Thursday, June 27, 2013
9:37 pm edt
I don't know about you, but it is just about too hot to be outside working in the yard. Between the
heat, the humidity and the aggressive mosquitoes, my enthusiasm is gone.
Speaking of mosquitoes,
we seem to have a very aggressive new variety that is plaguing us along the all the regular varieties this year. Mosquitoes
carry several viral diseases, so it is important to minimize places where they can breed and also to protect yourself when
outdoors during this time of year.
According to Pinellas County Mosquito Control, mosquitoes only
need 1/4 to 1/2 inch of standing water for eggs to hatch and larvae to survive as they mature to adults. Scout around
outside your house and landscape for sources of standing water and remove it or treat it with Mosquito Granules. It
only takes two to three days for mosquito eggs to hatch into larvae and then a few more days to mature into an adult. They
multiply very quickly. Gutters that haven't been cleaned, dishes under flower pots, air conditioner drip areas, bird
baths, ornamental bromeliads and outdoor pet dishes can all become breeding places of mosquitoes. Change the water in
pet dishes and bird baths every few days.
You can purchase Mosquito Granules or Mosquito Dunks
(these can be crushed in a plastic bag if you can't find the granules) to help with mosquito control. Both products
contain bacteria (BtI) that kills mosquito larvae and nothing else - it is very environmentally friendly. This
is the same product that County Mosquito Control drops from helicopters into preserve areas. Granules can be sprinkled
over bromeliads, into bird baths (the bacteria does not harm birds), and other areas where standing water cannot be avoided.
It needs to be replaced monthly or if rain overflows the container or area. Ornamental ponds should be stocked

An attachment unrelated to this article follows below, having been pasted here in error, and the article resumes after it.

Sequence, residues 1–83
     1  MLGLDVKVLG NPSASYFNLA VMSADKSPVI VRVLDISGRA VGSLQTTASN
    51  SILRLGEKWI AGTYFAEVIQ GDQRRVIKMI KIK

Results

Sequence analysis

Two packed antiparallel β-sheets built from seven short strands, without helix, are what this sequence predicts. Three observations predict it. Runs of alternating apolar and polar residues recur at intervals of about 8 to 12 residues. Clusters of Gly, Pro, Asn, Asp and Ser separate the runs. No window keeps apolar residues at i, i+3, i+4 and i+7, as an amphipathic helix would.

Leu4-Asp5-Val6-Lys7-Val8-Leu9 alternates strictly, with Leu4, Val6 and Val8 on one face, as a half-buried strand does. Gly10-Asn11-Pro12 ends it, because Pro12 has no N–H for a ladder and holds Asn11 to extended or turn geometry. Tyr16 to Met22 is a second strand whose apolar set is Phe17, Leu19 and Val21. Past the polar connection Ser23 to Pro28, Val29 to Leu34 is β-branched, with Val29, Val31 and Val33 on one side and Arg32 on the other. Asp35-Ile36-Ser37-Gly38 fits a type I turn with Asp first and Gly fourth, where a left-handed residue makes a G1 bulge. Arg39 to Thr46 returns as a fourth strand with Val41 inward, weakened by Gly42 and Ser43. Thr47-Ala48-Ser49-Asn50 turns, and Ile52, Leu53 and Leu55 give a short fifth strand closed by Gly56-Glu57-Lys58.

with mosquito larvae eating fish.
The Center of Disease Control recommends that when you are outdoors
you protect your skin from mosquito bites by wearing long-sleeves and pants or mosquito repellent products containing DEET,
picardin, oil of lemon eucalyptus or IR3535 (Skin so Soft, Bug Guard Plus, Expedition). The threat of virus, although
minimal, is present throughout the year, and precautions should be taken during outdoor activities. According to Pinellas
County Mosquito Control, no virus has been detected in the county's sentinel chickens at the time this article was written.
Wednesday, June 12, 2013
Florida Summer Gardening 101
7:39 pm edt
By Theresa Badurek, Urban Horticulture Extension Agent, UF/IFAS/Pinellas County Extension
It's June and the
weather is heating up! Soon we will be battling hot summer sun, bugs, humidity, and torrential rains every afternoon. These
conditions present several challenges for the gardener, but there are things you can do now to prepare your garden (and yourself)
for the heat.
If you use annuals in your landscape you probably know by now that many of them don't tolerate the
Florida heat very well. However, there are several annual plants that take our temps in stride. They include salvia, torenia,
wax begonia, coleus, and ornamental peppers. When shopping for annuals choose compact plants with healthy leaves, good color,
and lots of flower buds (they don't have to be in bloom at the time of purchase). For more information about gardening with
annuals in Florida: http://edis.ifas.ufl.edu/pdffiles/MG/MG31900.pdf.
Since annuals are seasonal they should make up focal areas in the garden, but not too much space, as they
require a lot of energy and resources for such a short life-span. Right now is also a great time to plan new perennial plantings,
including trees, palms, shrubs, and groundcovers. If you have a plan at the ready you can be prepared to install once the
rainy season starts- then you won't need to water as often yourself. Just remember that if you plant something before you